Introduction: Google Glass Lens Mount

About: If you enjoyed some of my projects, please take a moment an listen to some of the music of Bomber Goggles and Gekko Projekt. I play keyboards and write a lot of the music.

This project contains a source file that you can print on a 3D printer. The part you make can be used to mount a lens on Google Glass. The Instrucable also helps you choose the correct lens.

Mounting a lens fixed some problems for me with Google Glass. My right eye (the one that sees the Google Glass display) is very nearsighted. As a result, the Google Glass display was too blurry for me to read, as the optics mimic seeing a larger display at a distance of about 8-10 feet. It should also solve the problem for people whose right eye is too farsighted. I do not normally wear glasses because my left eye is not nearsighted.

I've found that when I wear Google Glass, others often want to give it a try. The mount is very easy to remove, so this makes it easy to let others give it a try.

Step 1: Find a Lens

Non-prescription glasses are available inexpensively. In most drug stores you can find "reading glasses", which allow nearsighted people to see up close, often for about $10. I needed the opposite kind of glasses, called "distance glasses", and I found some on eBay for about $16.

Such glasses are rated by the amount of diopter change they cause. Don't worry if you aren't familiar with diopters. If it is a positive number, they are reading glasses for farsighted people. If it is a negative number, they are distance glasses for nearsighted people. The bigger the number, the stronger they are, usually in the range 1.0 to 3.0 or -1.0 to -3.0.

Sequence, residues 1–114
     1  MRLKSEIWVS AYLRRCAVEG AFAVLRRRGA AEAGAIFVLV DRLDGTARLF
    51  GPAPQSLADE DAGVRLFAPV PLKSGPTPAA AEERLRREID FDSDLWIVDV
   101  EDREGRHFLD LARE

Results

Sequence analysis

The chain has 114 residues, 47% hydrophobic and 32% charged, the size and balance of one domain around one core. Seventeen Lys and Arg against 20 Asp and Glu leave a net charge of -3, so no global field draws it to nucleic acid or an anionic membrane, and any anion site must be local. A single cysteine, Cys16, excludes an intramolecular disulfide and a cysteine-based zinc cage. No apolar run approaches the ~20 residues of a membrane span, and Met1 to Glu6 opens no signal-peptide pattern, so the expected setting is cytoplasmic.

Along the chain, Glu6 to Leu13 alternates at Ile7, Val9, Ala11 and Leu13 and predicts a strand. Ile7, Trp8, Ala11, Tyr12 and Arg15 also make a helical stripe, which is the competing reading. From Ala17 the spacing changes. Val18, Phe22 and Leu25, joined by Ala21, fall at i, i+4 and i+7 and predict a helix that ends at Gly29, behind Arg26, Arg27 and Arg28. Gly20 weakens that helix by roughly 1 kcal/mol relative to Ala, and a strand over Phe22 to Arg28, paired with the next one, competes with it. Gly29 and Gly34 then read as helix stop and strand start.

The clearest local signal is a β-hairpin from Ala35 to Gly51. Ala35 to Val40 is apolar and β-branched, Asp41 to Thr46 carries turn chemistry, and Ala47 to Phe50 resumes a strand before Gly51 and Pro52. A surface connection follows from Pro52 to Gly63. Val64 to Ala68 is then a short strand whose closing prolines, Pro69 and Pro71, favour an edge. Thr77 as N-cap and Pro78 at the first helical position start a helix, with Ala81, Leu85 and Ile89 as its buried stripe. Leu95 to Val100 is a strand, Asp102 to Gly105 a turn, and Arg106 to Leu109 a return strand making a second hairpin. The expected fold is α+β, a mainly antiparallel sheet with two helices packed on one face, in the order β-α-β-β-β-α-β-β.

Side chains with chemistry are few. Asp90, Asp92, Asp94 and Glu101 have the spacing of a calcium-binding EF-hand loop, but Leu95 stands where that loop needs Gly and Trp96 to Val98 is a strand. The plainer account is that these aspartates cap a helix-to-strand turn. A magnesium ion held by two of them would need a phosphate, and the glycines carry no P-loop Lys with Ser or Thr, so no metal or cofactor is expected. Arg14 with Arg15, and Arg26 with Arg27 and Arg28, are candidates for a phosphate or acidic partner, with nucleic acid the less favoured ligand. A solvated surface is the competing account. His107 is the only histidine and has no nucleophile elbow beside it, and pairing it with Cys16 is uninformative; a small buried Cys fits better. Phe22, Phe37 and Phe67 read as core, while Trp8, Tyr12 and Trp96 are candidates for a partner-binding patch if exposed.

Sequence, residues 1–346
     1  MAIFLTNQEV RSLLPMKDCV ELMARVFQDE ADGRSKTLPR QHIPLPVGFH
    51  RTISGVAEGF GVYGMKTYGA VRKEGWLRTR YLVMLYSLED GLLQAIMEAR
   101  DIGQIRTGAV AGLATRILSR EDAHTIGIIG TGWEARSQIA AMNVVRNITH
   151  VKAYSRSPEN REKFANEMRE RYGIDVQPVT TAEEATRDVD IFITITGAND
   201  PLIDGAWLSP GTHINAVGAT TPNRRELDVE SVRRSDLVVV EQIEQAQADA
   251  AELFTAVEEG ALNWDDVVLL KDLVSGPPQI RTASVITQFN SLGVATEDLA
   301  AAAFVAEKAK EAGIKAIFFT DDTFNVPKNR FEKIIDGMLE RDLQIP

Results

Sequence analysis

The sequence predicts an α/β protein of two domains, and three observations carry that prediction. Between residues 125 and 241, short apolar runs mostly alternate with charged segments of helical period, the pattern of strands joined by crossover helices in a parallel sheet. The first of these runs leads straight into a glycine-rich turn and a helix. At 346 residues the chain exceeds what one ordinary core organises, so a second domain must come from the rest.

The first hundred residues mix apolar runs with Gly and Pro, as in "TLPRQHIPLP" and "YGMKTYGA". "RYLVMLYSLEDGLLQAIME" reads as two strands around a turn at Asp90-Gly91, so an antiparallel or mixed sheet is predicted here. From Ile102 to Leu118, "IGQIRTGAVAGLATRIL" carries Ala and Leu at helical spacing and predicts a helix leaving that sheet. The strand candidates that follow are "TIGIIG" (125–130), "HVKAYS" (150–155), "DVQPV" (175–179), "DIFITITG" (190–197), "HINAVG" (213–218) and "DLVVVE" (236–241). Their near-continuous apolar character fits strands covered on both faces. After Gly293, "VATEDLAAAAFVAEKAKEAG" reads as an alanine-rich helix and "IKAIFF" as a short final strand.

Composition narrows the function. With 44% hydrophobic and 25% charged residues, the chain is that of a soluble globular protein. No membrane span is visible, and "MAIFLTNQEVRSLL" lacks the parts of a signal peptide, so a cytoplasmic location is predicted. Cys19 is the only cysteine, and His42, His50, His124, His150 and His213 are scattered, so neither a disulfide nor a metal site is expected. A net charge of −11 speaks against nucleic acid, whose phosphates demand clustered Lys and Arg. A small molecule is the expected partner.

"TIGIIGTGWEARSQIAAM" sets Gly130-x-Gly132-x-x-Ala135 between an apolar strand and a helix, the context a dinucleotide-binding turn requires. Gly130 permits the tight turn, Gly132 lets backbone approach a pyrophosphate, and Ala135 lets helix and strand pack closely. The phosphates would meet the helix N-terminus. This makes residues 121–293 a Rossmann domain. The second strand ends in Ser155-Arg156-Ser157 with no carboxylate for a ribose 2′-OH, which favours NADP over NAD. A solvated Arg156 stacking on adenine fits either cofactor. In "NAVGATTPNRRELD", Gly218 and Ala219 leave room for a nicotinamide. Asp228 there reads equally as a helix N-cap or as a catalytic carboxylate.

My right eye can see an object 2 feet away in perfect focus, but by the time the object is at arm's length, it has started to get blurry. Glasses with a -1.5 diopter rating worked fine for me.

Step 2: Remove the Lens From the Frame

It is probably easiest to use a hacksaw to cut the frame, and then when there is almost nothing left, clip the remaining piece with a pair of wire cutters. When the frame is cut all the way through, the lens is easy to pull out.

I use the entire lens, but you don't need one that large. If you want to cut the lens down, a Dremel cutting disk works well.

Step 3: Print the Part

The attached GlassHolder.stl file contains the 3D model for you to print. If you use Makerware and a Makerbot 3D printer, I've also included the GlassHolder.thing file, but you don't need it. This part is small and printed easily on a Makerbot 2X printer. I used a 0.10 mm layer height, the highest resolution on the printer, which is probably a good approach since the features are small. I printed it using a raft.

Step 4: Try the Fit

The part has a curvature that will be different from that of the lens and different from that of the Google Glass frame. This slightly different curvature allows the part to grip tightly. But the curvature should be in the same general direction. If the curve is opposite, turn the part around.

The outer slot is for the Glass frame, and the inner slot is for the lens. Try putting the lens into the part (the top of the lens against the part), and then remove it. Then try fitting the part onto the top of the Glass frame.

Step 5: Put It All Together!

Remove the part from the Glass frame. Attach the lens, then attach it to the Glass frame.